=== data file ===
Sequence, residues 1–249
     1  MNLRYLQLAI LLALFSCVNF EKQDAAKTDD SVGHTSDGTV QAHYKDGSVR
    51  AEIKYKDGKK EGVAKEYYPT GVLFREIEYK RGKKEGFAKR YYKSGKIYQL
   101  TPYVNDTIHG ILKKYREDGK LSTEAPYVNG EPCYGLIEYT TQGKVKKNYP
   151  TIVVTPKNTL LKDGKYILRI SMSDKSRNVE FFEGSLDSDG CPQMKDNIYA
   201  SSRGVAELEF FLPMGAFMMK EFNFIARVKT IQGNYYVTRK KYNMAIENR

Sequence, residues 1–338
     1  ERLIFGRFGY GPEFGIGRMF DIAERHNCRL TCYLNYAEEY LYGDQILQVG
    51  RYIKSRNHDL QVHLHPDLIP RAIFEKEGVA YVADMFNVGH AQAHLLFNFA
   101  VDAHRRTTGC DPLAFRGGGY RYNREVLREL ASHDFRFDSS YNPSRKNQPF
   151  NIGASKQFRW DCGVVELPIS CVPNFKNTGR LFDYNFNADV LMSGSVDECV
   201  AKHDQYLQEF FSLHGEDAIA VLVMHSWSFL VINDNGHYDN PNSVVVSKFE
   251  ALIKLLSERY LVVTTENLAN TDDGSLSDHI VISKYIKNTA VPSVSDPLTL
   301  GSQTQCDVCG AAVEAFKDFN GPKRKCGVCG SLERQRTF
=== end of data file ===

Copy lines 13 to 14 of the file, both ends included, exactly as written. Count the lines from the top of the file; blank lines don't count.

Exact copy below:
   251  ALIKLLSERY LVVTTENLAN TDDGSLSDHI VISKYIKNTA VPSVSDPLTL
   301  GSQTQCDVCG AAVEAFKDFN GPKRKCGVCG SLERQRTF